It’s that thing they do with their hands. When making each desperately important point, politicians just can’t help themselves from forming two fists with their thumbs perched on the top. There they will remain, pinching down doggedly, as if on a brace of invisible beermats, or an unusually confrontational pair of nipples. I expect you’ll have seen it, and are very probably sick of it. If you don’t know what I mean, watch any recent political speech or interview and inspect their hands as soon as that clarion call is given: “Let me be clear.”
First Blair did it, then Brown, then Cameron. May didn’t, and Johnson long tried not to — before Covid forced his hand. Corbyn never did, but Starmer does like clockwork. What we have is not quite an importation of the “Clinton thumb”, already road-tested by JFK, which jabs pointedly at the audience. Instead, it’s an appreciably tenser compression of thumb and fist. No-one knows what to call it, but Julia Louis-Dreyfus gave us a suitably dismissive term, when researching Vice-Presidential quirks for the sitcom Veep: this monstrosity is a “thist”.
Now then, let me be clear: no normal human makes this gesture. If a teacher ever tried it, they would be laughed out of the staffroom; if someone attempted it in the pub, friends would have a quiet word over by the gents. In ten years of university lecturing, I have never come close to doing it, whether by chance or design. Even the baby drifting unthinkingly towards a thumbsuck fails to find the position.
So why is seemingly every modern politician trained into this bizarre groupthist, a gesture totally unevidenced in the real world? Yes, we’re all taught as children that pointing is rude, and the finger-jabbing orator typically comes across as a censorious scold. Similarly, few would welcome fists rhythmically hammering the lectern, or raised in ill-judged triumphal salute. But why this total aversion to pointing with the index finger — literally named to do that job?
The expert advice, I presume, is that keeping hand movements to a minimum places focus on the words; the thist tempers any unhinged gesticulation. But, when politicians have so little to say, whether constrained by their whips or their wits, this seems an unhappy outcome. In our present nadir of parliamentary oratory, the hands really will need to do some talking. In fact, research shows that the most popular TED talks use 70 per cent more hand gestures than the least watched. Free and expressive use of the hands, changing organically with tone and meaning, clicks with an audience.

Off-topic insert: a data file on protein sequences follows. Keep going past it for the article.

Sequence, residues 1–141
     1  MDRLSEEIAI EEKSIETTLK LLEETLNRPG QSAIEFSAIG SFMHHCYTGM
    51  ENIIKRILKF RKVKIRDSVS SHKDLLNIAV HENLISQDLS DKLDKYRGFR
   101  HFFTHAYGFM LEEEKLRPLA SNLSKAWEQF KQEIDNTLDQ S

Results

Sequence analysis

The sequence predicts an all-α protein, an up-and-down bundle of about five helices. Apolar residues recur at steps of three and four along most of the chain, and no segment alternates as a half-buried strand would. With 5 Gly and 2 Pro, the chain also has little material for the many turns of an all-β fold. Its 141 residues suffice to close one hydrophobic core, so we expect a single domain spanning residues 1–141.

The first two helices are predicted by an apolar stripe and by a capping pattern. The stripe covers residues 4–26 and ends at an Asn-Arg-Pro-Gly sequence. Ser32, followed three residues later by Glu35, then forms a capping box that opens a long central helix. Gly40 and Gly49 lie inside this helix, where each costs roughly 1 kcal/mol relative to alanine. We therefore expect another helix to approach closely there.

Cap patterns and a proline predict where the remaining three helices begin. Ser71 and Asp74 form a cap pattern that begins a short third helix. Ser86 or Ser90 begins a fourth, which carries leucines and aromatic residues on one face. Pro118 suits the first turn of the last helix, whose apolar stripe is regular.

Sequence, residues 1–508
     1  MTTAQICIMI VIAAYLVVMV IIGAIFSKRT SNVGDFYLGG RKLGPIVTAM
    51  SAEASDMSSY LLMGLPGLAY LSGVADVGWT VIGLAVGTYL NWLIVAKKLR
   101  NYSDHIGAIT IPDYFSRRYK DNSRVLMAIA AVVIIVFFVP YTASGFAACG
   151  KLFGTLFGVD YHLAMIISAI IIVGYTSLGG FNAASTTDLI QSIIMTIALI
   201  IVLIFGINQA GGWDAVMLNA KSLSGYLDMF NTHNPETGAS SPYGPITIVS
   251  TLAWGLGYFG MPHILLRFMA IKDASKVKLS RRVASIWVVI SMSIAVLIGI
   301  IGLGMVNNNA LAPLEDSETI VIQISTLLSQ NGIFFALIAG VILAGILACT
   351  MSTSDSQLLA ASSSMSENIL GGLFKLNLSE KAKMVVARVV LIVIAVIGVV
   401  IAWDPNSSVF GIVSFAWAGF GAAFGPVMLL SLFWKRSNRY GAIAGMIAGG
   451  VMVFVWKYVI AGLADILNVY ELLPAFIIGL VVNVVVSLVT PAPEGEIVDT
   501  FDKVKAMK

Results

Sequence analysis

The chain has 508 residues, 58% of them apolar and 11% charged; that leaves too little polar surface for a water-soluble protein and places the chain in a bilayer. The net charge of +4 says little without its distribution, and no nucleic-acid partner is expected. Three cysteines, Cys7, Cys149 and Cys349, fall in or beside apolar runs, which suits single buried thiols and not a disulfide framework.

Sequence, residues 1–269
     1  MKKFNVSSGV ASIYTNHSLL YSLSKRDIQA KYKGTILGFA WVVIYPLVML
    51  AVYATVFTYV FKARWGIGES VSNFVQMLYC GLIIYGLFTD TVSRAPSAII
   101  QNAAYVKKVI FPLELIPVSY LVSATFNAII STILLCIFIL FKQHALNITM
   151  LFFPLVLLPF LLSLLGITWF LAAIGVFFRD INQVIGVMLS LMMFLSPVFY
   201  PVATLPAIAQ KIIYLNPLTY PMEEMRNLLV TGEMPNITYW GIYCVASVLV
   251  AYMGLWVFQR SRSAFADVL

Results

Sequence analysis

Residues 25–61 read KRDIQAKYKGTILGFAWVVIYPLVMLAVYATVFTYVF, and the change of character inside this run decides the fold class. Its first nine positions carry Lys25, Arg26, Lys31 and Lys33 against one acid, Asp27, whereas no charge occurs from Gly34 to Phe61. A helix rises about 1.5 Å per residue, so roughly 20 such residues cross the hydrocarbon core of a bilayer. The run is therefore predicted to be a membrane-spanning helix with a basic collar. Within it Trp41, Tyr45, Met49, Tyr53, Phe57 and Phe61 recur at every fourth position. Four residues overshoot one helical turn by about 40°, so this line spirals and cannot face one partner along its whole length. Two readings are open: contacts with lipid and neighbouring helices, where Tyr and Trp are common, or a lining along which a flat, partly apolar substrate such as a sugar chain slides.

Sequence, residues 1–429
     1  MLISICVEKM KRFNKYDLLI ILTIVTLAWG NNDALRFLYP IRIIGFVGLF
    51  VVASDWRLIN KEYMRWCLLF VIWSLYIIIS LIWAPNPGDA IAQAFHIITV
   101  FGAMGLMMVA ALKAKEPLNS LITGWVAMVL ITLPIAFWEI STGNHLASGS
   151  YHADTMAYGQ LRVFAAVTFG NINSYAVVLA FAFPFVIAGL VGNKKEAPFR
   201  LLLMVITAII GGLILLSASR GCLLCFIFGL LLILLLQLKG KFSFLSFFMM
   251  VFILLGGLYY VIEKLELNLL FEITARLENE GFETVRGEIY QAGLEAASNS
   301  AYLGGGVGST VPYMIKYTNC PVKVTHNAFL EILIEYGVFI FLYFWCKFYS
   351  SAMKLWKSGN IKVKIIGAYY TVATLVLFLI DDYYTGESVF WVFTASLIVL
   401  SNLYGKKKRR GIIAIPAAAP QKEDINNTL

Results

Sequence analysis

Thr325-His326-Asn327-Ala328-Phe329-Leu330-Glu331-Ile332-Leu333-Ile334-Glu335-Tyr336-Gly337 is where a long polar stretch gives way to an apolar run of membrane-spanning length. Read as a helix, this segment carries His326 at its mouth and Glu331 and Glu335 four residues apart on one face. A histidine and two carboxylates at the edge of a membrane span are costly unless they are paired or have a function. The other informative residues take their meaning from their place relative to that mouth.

No doubt the firmly-held thist is intended to portray self-confidence and intellectual precision. In practice, its very oddness reveals a mixture of stage-managed artificiality and middle-grounded vacuity. The gesture, now several decades old, is a fossil from a different age of politics, when the warm embrace of centrism could carry the nation by a landslide. But in the jaded light of 2020, few, in truth, are moved by the glib words and polished smarm of the Macron-Trudeau-Starmer bureaucratic class. Instead, politicians prepared to take a principled stance on a difficult issue are admired for their honest convictions, however divisive.
If populism connotes anything meaningful as a term, it’s that a large proportion of the populace, seeing themselves as everyday people, are drawn to figures who seem (authentically or not) to understand their everyday concerns. This is hard to fake. Yes, Wilson and his pipe, or Farage and his pint, have been cynical confections, but at least these props were relatable. Yet the thist, with its self-satisfied, anally-retentive clutch, falls entirely flat. Tellingly, no doubt, the gesture has not impressed itself upon Trump, who endorses the lapidary phrases tumbling from his lips with a double-handed OK symbol.
Strangely enough, politicians don’t bother making the thist among their own kind in Parliament, on the benches or over Zoom. It’s all just a show for us impressionable folk on the outside. Instead, in the architecturally adversarial House of Commons, we find one political party arrayed against their literal opposition. Parliamentary business thrives on exposing the deficiencies of others’ arguments, albeit via courteous address of the speaker. Finger-pointing has never been banned, and pops up all the time. Look at historical pictures and you’ll find Pitt the Younger or Balfour pointing across the dispatch box, Disraeli appealing with open hand, or Gladstone with pointing fist aloft. In fact, almost every MP finds their finger extend when denouncing a particular Honourable Member or not-so-honourable party. That is part and parcel of live debate.
Why, then, can politicians not allow themselves such freedom of expression when encountering the public at large? Why do they cede all independence and idiosyncrasy to the soulless advice of the media trainee? Why give up the credible gestures of humankind to become yet another vapid Member of the Order of the Thist? Once “normality” returns to current affairs, perhaps we could adopt a simple rule for political speech: if you have something to say, stand up and say it however you like; if not, sit tight and keep your hands on your lap.